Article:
Lattice QCD in the strong coupling regime can be formulated in dual variables which are integer-valued. It can be efficiently simulated for modest finite temperatures and finite densities via the Worm algorithm, circumventing the finite density sign problem in this regime. However, the low temperature regime is more expensive to address. As the partition function is solely expressed in terms of integers, it is well suited to be studied on the D-Wave quantum annealer. We will first explain the setup of the system we want to study, and then present its reformulation suitable for a quantum annealer, and in particular the D-Wave. As a proof of concept, we present first results obtained on D-Wave for gauge group $U(1)$ and outline the next steps towards gauge groups $U(3)$ and $SU(3)$. We find that in addition, histogram reweighting greatly improves the accuracy of our observables when compared to analytic results.

Herein, the dynamics of excitons coupled with optical phonons in a triangular system is numerically studied. By representing the excitons by quasi-spin states, the similarity between the chiral spin states and the exciton chiral states is discussed. In particular, the optical control of excitons is discussed, where photoirradiation causes the switching of the exciton states on the ultrafast time scale by Raman scattering. A phase diagram is obtained based on the ground-state properties of the system determined by the magnitudes of the exciton-phonon interactions and exciton transfer energy. By varying the frequency and/or intensity of light, a transition between exciton-phonon composite states is induced, which suggests the possibility of the coherent control of the chiral properties of excitonic systems via phonon excitation.

The realization of quantum gates in topological quantum computation still confronts significant challenges in both fundamental and practical aspects. Here, we propose a deterministic and fully topologically protected measurement-based scheme to realize the issue of implementing Clifford quantum gates on the Majorana qubits. Our scheme is based on rigorous proof that the single-qubit gate can be performed by leveraging the neighboring Majorana qubit but not disturbing its carried quantum information, eliminating the need for ancillary Majorana zero modes (MZMs) in topological quantum computing. Benefiting from the ancilla-free construction, we show the minimum measurement sequences with four steps to achieve two-qubit Clifford gates by constructing their geometric visualization. To avoid the uncertainty of the measurement-only strategy, we propose manipulating the MZMs in their parameter space to correct the undesired measurement outcomes while maintaining complete topological protection, as demonstrated in a concrete Majorana platform. Our scheme identifies the minimal operations of measurement-based topological and deterministic Clifford gates and offers an ancilla-free design of topological quantum computation.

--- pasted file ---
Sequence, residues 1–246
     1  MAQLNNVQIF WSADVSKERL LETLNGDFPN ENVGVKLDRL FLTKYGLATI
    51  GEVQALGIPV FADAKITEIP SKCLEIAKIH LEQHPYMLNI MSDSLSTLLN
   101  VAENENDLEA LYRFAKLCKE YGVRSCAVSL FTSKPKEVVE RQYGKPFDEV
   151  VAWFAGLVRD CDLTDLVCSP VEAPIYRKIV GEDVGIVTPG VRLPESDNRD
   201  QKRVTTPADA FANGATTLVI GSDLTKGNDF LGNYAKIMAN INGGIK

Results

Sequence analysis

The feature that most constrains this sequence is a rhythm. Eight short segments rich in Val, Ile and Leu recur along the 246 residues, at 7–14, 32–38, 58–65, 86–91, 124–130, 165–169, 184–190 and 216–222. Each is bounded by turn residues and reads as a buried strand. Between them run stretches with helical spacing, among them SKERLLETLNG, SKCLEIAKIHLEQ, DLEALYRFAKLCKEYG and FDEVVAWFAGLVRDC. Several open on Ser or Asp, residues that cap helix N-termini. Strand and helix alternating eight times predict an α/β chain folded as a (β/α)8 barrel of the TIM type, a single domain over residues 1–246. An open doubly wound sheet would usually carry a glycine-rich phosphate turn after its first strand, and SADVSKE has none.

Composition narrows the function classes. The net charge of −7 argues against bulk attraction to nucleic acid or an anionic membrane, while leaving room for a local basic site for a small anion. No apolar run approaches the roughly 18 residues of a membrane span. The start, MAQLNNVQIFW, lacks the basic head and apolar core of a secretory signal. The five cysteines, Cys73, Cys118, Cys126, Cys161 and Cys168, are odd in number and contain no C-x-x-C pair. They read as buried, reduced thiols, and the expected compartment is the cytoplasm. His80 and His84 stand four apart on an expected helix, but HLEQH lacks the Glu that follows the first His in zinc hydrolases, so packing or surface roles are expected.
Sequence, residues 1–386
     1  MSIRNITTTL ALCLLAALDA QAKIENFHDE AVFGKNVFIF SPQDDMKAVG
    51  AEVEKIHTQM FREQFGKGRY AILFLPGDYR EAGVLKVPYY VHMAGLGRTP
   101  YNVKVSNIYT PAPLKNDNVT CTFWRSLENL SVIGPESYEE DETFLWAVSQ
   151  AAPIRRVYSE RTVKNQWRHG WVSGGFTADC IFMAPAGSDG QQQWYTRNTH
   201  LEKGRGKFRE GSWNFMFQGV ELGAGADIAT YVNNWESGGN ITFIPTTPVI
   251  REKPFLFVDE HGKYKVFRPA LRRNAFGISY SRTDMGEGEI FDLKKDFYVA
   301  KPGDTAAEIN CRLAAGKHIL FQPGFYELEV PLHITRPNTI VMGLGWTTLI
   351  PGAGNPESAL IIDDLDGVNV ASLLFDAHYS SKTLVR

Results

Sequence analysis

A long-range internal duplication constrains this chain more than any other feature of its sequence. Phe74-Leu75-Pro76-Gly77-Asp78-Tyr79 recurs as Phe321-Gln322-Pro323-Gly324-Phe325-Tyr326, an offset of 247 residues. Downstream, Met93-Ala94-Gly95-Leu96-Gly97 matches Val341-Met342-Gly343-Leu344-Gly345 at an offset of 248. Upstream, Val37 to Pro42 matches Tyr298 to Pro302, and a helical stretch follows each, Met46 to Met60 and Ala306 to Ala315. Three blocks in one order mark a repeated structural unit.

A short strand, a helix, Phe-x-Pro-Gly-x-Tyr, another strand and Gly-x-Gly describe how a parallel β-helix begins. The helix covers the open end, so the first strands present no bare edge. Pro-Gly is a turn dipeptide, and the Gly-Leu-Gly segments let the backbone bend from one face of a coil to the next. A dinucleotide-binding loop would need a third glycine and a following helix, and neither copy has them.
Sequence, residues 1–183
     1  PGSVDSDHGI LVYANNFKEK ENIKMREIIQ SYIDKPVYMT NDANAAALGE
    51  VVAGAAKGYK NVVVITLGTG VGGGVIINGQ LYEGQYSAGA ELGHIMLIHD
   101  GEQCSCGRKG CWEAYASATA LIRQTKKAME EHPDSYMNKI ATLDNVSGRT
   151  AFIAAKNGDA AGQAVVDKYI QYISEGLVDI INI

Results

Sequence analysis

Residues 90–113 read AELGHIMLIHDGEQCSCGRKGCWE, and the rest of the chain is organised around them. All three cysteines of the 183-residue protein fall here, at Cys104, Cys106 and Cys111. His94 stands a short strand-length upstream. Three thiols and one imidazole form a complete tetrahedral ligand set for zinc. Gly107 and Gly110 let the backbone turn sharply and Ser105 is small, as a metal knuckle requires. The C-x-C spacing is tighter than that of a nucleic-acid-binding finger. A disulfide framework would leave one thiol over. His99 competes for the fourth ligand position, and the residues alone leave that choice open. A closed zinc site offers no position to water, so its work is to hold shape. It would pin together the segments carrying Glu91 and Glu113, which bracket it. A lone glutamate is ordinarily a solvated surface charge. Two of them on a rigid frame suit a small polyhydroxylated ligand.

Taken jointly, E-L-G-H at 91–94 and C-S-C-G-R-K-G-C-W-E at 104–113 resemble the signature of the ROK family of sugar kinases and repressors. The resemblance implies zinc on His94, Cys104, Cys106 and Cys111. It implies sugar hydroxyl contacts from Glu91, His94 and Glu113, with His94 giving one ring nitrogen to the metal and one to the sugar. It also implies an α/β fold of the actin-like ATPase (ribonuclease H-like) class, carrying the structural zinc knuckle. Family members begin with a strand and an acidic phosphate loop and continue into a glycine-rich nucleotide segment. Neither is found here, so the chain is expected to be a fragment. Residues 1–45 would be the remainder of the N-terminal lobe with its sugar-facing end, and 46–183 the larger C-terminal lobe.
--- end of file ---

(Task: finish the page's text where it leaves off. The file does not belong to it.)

This paper presents a novel approach to probabilistic deep learning (PDL), quantum kernel mixtures, derived from the mathematical formalism of quantum density matrices, which provides a simpler yet effective mechanism for representing joint probability distributions of both continuous and discrete random variables. The framework allows for the construction of differentiable models for density estimation, inference, and sampling, enabling integration into end-to-end deep neural models. In doing so, we provide a versatile representation of marginal and joint probability distributions that allows us to develop a differentiable, compositional, and reversible inference procedure that covers a wide range of machine learning tasks, including density estimation, discriminative learning, and generative modeling. We illustrate the broad applicability of the framework with two examples: an image classification model, which can be naturally transformed into a conditional generative model thanks to the reversibility of our inference procedure; and a model for learning with label proportions, which is a weakly supervised classification task, demonstrating the framework's ability to deal with uncertainty in the training samples.